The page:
The Whitecaps’ first MLS season in 2011 was played at Empire Field in the east of the city. Empire Field was only a temporary structure while BC Place – which is shared with the BC Lions of the CFL (Canada’s NFL) – was getting refurbished following the 2010 Winter Olympics. BC Place closer resembles stadiums like the Emirates or the Olympic Stadium but is not quite as ‘soulless’ as these new arenas are often accused of being. While also not quite an Anfield-esque structure surrounded by terraced housing, it is in the heart of downtown and as well as the afore-mentioned Beatty, narrow streets such as Smithe, Cambie and Robson all filled with quirky bars and restaurants meander their way to the arena which is lit up at night a la Bayern Munich’s Allianz Arena.
The support base of the club – which has been represented by names such as 1966 World Cup winner Alan Ball who was part of the title-winning team in ‘79 and, more recently, Robert Earnshaw and Kenny Miller – is a cross-section of the inhabitants of ‘Vancity’ and supporters groups such as Southsiders, Curva Collective and Rain City Brigade make the stadium loud and colourful on match day but are quick to criticise and scrutinise the club when needs be. The club’s hierarchy and ownership – including NBA legend and BC native Steve Nash – were and still are a target of a lot of angst from the hardcore supporters for their haphazard leadership and poor investment.
Figures released just this month by FIFA prove this in the starkest of ways. The Whitecaps were the top North American spender in the 2020 transfer market ahead of five other MLS clubs and four Liga MX outfits. Of the six MLS clubs, only two made last year’s playoffs which shows that Vancouver were not the only club whose investment did not bear fruit. However, the fact that the other two Canadian sides made the playoffs – albeit exiting at the first hurdle – without even cracking the top ten spenders will have stung many on Canada’s west coast.
Another case in point for this was the June 2020 firing of CEO Mark Pannes. Pannes had most recently served in the same role with AS Roma and basketball’s New York Knicks and was just six months into a four-year contract but was already extremely popular with the fans with whom he conversed with and connected with regularly. This was a breath of fresh air for fans of the ‘Caps and they revolted when the Bostonian was dismissed without much of an explanation from ownership.
Rewind to November 2019 and the appointment of Axel Schuster as Sporting Director was greeted with great optimism as he came in with similar experience with Mainz and Schalke in his homeland. The record signing shortly after this appointment of Canadian international striker Lucas Cavallini from Mexican side Puebla meant the club went into Christmas on a wave of optimism.
However, following signings such as popular Portuguese midfielder Janio Bikel, Serbian centre half Ranko Veselinovic and Colombian winger Cristian Dajome were credited to Pannes and his out-of-the-blue dismissal is synonymous with the chaotic way in which the club is run.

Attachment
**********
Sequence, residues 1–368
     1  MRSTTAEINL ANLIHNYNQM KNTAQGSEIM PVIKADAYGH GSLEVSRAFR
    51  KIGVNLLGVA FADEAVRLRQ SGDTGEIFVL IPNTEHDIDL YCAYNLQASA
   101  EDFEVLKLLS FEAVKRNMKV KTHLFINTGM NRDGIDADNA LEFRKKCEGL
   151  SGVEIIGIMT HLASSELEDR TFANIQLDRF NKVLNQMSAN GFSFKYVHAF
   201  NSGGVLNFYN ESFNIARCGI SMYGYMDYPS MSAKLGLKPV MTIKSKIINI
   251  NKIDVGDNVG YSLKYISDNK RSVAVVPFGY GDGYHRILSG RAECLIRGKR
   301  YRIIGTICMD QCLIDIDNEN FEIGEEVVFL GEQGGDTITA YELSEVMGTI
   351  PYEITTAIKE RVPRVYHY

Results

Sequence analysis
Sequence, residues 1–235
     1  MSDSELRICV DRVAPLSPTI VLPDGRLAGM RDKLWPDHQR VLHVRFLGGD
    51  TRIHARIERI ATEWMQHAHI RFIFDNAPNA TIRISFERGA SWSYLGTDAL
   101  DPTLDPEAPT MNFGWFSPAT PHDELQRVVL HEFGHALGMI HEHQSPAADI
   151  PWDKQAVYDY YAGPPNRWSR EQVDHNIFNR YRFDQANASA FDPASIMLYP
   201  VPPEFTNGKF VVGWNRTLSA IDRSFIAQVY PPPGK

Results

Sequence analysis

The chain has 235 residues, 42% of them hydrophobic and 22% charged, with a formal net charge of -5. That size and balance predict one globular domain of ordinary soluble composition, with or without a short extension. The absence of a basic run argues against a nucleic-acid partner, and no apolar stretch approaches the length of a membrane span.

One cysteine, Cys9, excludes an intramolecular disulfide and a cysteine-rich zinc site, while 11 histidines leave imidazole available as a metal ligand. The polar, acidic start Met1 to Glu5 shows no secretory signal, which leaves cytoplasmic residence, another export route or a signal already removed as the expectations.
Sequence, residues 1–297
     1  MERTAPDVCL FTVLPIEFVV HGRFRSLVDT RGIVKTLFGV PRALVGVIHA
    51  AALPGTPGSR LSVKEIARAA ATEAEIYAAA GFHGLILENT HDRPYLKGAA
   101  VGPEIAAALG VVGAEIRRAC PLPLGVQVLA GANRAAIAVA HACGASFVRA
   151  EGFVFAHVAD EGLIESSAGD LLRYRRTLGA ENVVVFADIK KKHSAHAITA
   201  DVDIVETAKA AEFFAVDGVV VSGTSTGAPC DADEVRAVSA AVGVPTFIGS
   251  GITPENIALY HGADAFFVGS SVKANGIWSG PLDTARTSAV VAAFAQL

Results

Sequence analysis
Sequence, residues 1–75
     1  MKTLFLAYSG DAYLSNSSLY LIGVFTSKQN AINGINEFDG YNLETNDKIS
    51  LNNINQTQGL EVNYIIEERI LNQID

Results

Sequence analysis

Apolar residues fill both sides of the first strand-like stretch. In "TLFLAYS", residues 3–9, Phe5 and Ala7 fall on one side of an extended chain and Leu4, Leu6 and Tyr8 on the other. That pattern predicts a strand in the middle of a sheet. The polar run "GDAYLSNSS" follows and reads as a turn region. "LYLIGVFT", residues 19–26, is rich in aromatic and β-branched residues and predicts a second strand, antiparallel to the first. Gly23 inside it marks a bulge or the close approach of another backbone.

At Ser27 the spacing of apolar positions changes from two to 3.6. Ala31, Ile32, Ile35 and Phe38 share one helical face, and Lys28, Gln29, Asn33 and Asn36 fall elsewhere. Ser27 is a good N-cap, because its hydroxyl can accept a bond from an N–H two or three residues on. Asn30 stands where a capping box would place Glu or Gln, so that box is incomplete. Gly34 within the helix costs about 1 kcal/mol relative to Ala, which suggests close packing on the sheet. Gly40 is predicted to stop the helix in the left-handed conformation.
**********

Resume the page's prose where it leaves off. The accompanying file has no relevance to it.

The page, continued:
On the pitch in 2020, a goalkeeping crisis forced 21-year-old Canadian Thomas Hasal into his first senior appearance and to say he excelled would be an understatement. He became christened ‘the Saskatoon Schmeichel’ after some incredible saves led Vancouver to the knockout stages of the Orlando tournament against all odds and his consistent performances continued until injury curtailed his season in September.
Head coach Marc dos Santos was forced into squad shuffling throughout the season due to various injuries and unavailability – including Cavallini who did not travel to Florida after he tragically lost two family members to COVID-19 – but this meant that young players such as Hasal, Theo Bair and Michael Baldissimo could shine.
Baldissimo is a native of Vancouver suburb Burnaby and announced his presence with a stunning goal and somersault celebration in a 3-2 victory over Toronto FC in September. The 20-year-old looks like he could hold down a place in the side for 2021 with a series of commanding midfield performances. He is local in the most Vancouver way in that he is a Filipino-Canadian and many of the club’s supporters see so much of themselves in him. It is hoped that the no. 55 will solve the long-running issues in midfield for years to come.
The Whitecaps’ most famous academy-graduate reflects that diversity. Bayern Munich’s Alphonso Davies was born to Liberian parents in a refugee camp in Ghana in 2000 before fleeing to Edmonton at the age of five and joining the Whitecaps academy at age 14. Just two years later, he made his senior debut and the rest is history.
Vancouver is an incredibly diverse, beautiful and complicated city and, arguably, the Whitecaps represent this more than anything. Some seeds of hope were sewn in 2020 and nothing would lift the spirits more than a playoff run in 2021 – maybe even if it coincided with one on the other side of Pacific Boulevard at the Canucks’ Rogers Arena. My own experience and recent history tells us that even if this does happen, it’ll be like the bumpy, windy roads of the mountainous North Vancouver region. They wouldn’t have it any other way in Vancity.